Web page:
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In Sudan, a Sense of Abandonment

An Underfunded Mission

With Darfur edging toward chaos and no Western country willing to send in troops, the burden of trying to contain the situation has fallen to the 700 African observer forces stationed there. The fledgling African Union says it needs $220 million to finance the mission for one year and is still $80 million short.

Beginning late last month, in its first and only regional operation to date, the U.S. military airlifted several hundred African soldiers from Nigeria and Rwanda into Darfur as part of a plan to increase troop strength to about 3,000.


Bukadi Bash, 13, lies ill with malaria at the Sureaf camp, South Darfur. The African residents are being moved to another camp, closer to Arab-held land, a move many say they fear. (Photos Jahi Chikwendiu -- The Washington Post)

_____Photo Gallery_____
Refugees in Darfur A Continuing Crisis: Saida Koomis Idris, 16, is treated by nurse Hasanea Ahmed for wounds she received when Sudanese policemen moved internally displaced people to a new camp.
_____Crisis in Sudan_____
Q&A: Darfur A brief explanation of the issues and current humanitarian situation in Western Sudan.
Photos: Sudan's Rebels
U.S. Urges Aid to Spur Peace in Sudan (The Washington Post, Nov 15, 2004)
Sudanese Fearful Following Relocation (The Washington Post, Nov 13, 2004)
After Accord, Sudan Camp Raided (The Washington Post, Nov 11, 2004)
Sudan, Rebels Reach Accord On Darfur (The Washington Post, Nov 10, 2004)
Sudanese Rape Victims Find Justice Blind to Plight (The Washington Post, Nov 8, 2004)
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But some experts assert that a force 10 times that number is needed, and that the troops need a stronger mandate so they can intervene in fighting and criminal activity. Some experts and diplomats have also raised concerns that the Africans, who lack military vehicles and helicopters, may not be adequately equipped for the task.

"Sudan is something that all members of the international community have to deal with," said Howard F. Jeter, who was U.S. ambassador to Nigeria from 2001 to 2003. "The Nigerians . . . are willing to risk their own lives to bring stability on the continent. We have to help them do it right."

Dallaire said Darfur needed a force of up to 44,000 peacekeepers, who would set up checkpoints and safe aid corridors, disarm combatants and be given the power to protect civilians. To date, the government of Sudan has refused to permit a peacekeeping force to enter the country.

"The mission of observing will do nothing except destroy the credibility of African Union troops," Dallaire said. He said it was unfair to criticize observer troops as "inept when it's not their fault. Observing people getting beaten up and dying is useless."

Already, the African troops have faced volatile situations in which they are greatly outnumbered and unable to help. Last week, more than 100 Sudanese police officers with guns, sticks and teargas overran a refugee camp in an attempt to force occupants to move to another location. Some refused to leave and took refuge in a mosque, while the soldiers careered through the camp in trucks, swinging their batons.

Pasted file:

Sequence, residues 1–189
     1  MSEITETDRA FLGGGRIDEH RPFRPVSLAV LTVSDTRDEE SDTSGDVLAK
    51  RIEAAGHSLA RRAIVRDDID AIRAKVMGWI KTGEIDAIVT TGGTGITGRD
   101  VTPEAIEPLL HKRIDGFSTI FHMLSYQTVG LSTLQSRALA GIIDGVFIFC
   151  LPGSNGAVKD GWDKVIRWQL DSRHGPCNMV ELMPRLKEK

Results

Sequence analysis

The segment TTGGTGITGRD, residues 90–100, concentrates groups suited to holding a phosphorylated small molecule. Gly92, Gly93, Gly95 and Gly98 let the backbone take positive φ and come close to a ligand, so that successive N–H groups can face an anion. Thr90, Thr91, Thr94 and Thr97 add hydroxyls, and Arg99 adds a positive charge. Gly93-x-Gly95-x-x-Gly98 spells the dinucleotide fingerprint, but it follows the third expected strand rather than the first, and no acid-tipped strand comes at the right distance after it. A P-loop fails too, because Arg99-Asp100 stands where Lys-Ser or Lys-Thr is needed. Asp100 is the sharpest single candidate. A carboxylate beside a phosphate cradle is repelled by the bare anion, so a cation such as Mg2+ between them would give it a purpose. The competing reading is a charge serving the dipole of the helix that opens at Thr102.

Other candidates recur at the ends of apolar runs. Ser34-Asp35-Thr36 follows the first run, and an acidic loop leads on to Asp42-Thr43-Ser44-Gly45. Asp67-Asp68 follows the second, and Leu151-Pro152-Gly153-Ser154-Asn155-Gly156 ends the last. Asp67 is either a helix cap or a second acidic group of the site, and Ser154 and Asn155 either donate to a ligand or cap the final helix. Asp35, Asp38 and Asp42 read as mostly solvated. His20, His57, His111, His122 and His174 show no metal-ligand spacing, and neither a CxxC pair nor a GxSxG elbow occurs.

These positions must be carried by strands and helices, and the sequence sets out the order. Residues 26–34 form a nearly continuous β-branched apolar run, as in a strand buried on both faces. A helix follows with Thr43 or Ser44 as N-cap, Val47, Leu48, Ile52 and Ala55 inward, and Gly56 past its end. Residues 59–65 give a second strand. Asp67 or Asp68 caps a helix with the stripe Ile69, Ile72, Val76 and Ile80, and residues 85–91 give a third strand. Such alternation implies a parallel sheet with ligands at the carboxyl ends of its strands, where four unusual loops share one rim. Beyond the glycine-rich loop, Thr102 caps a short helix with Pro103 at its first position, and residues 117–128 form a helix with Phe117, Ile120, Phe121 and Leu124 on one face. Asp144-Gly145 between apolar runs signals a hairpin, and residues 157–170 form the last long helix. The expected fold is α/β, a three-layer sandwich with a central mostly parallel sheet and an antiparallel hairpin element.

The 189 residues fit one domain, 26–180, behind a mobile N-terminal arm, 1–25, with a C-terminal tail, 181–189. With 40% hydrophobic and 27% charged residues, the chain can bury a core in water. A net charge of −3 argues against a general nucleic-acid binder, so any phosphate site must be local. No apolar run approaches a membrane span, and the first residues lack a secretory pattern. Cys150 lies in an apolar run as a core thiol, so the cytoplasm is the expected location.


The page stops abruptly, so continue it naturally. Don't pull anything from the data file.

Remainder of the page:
Two African Union officers arrived from a nearby base to investigate, but they were armed only with notebooks and cameras. Lt. Col. Henry Mejah, a Nigerian, said he tried to interview a Sudanese commander, but the man yelled at him and stormed away. Other police officers screamed at Capt. Rex Adzagba Kudjoe, a Ghanaian, when he tried to take photographs of the site. Shortly afterward, the two officers left.

Two days later, another bulldozer rammed into the camp, crushing homes that had just been rebuilt. Residents said they were beaten when they refused to leave for a new camp in a remote and vulnerable location. An 8-year old girl, Manahula Jacob Ali, was shot in the foot. Sadia Hamiss Adriss, 16, had a zigzagging gash in her cheek.

"Why are they still bulldozing and shooting and beating people?" Matina Mydin, a nurse treating victims in a nearby clinic, demanded angrily. "Where is the will of the international community?"

Shifting Deadlines

Several factors have contributed to the lack of international attention to Darfur, according to experts and officials.

The Bush administration has backed a peace deal in an older, separate conflict between the Sudan government and rebels in the south. Even though it has accused the Khartoum government of genocide, it is reluctant to jeopardize that agreement by pressing too hard on Darfur.

Proposed U.N. sanctions have been frozen because of a veto by China, a permanent member of the U.N. Security Council. Sudan is China's fourth-largest supplier of oil. Meanwhile, deadlines for the imposition of sanctions keep slipping.

First, the Security Council set an Aug. 30 deadline for Khartoum to rein in the Janjaweed. One month later, the council voted to consider unspecified sanctions if the situation did not improve. Last week, the European Union warned Sudan it would impose sanctions if security in the Darfur region did not improve within two months.


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